Bosnian President Alija Izetbegovic called it “the day of our determination, the day of our hope” Friday as his government agreed to relinquish most civilian governmental authority to a refurbished Muslim-Croat federation.
Although the federation has existed on paper for 20 months, the pact signed by leaders of Bosnia’s warring factions at Wright-Patterson Air Force Base sets out its structure for the first time. It assigns to the federation responsibility for education, police, courts, energy, industry, traffic, commerce, agriculture, health and refugees in territory controlled by Muslim and Croat forces.
The agreement leaves the central government with responsibility for foreign policy, foreign trade, currency, air-traffic control and several other international functions.
Secretary of State Warren Christopher described the federation agreement as “an essential building block for peace in Bosnia-Herzegovina.”
U.S. officials said the pact seems to resolve most disputes between the Muslims and Croats, but it leaves unsettled the status of the rebel Bosnian Serbs, blamed by Washington for most of the atrocities in Europe’s bloodiest war in a half century.
However, a senior Clinton administration official said the American and European mediators hope to kick the talks “into fourth gear” over the weekend in an effort to reach an overall agreement by the end of next week.
Although many details remain unsettled, the senior official said, “Right now all these guys are acting like they want a deal.”
Leaders of Bosnia’s Muslim, Croat and Serb factions agreed in principle last month to divide the country roughly in half between the Serbs and the federation while retaining the central government as the symbol of “the internationally recognized state.” But that plan left for the Dayton talks the nettlesome questions of how to split the territory and how to apportion powers among the factions and the central government.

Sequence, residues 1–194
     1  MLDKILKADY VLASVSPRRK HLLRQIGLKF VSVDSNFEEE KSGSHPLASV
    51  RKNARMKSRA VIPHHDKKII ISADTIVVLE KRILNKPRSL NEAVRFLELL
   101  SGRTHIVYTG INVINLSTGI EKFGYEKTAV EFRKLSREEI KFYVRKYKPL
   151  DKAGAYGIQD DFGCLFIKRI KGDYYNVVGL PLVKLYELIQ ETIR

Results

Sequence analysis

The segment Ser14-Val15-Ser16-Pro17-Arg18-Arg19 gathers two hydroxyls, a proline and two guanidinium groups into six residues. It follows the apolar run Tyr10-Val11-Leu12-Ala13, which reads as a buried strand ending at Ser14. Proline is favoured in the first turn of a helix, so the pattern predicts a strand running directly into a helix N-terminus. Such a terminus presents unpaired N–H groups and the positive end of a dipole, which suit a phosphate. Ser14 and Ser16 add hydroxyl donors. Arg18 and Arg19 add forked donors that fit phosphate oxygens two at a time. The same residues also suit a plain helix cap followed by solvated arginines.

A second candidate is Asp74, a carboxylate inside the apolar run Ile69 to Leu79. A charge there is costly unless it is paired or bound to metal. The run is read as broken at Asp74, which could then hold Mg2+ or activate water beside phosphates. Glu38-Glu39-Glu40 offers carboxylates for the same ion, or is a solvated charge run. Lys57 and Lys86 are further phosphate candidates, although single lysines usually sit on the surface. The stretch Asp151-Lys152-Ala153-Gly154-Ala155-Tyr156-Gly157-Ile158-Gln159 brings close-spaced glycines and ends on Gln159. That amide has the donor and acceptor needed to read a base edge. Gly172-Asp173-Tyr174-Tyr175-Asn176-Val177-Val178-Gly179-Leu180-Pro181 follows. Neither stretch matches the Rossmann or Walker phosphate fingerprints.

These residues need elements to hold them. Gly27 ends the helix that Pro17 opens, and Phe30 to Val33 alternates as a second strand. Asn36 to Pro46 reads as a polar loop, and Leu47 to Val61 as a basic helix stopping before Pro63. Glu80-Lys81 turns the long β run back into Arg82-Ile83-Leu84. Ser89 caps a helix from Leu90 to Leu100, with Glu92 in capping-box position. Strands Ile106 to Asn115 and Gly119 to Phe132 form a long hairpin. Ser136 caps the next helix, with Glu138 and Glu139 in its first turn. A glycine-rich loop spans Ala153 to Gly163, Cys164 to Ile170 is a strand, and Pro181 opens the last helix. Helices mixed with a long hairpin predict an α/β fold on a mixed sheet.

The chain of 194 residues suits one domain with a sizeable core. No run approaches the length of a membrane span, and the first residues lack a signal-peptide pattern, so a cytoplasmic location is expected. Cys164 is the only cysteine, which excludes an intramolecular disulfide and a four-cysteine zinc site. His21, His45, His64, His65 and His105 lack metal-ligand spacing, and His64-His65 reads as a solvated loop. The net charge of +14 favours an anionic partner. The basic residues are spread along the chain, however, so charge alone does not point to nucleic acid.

Friday’s agreement seems to establish a pattern for division of powers that could also be applied to territory held by the Serbs.
But the position of Serbian President Slobodan Milosevic, who is acting as the representative of the Bosnian Serbs in the talks, became more complicated Thursday when the international war crimes tribunal meeting in The Hague indicted three officers of the Serb-led Yugoslav National Army for their part in a 1991 massacre in the Croatian city of Vukovar. Unlike the Bosnian Serb militiamen indicted earlier, Yugoslav army officers are under the authority of Milosevic’s government.
State Department spokesman Nicholas Burns said Christopher urged Milosevic to “cooperate with the war-crimes tribunal,” presumably by turning over the suspects for trial. Burns declined to characterize Milosevic’s response.
In a separate meeting with Croatian President Franjo Tudjman, Christopher called for a negotiated settlement of the controversy over Eastern Slavonia, the last slice of Croatian territory held by rebel Croatian Serbs. Tudjman has threatened to retake the territory by military means if the dispute is not resolved by the end of this month, and Croatian troops were reported moving toward the enclave.
The Muslim-Croat federation agreement calls for the Croats to dismantle the trappings of a separate state, called Herzig-Bosnia.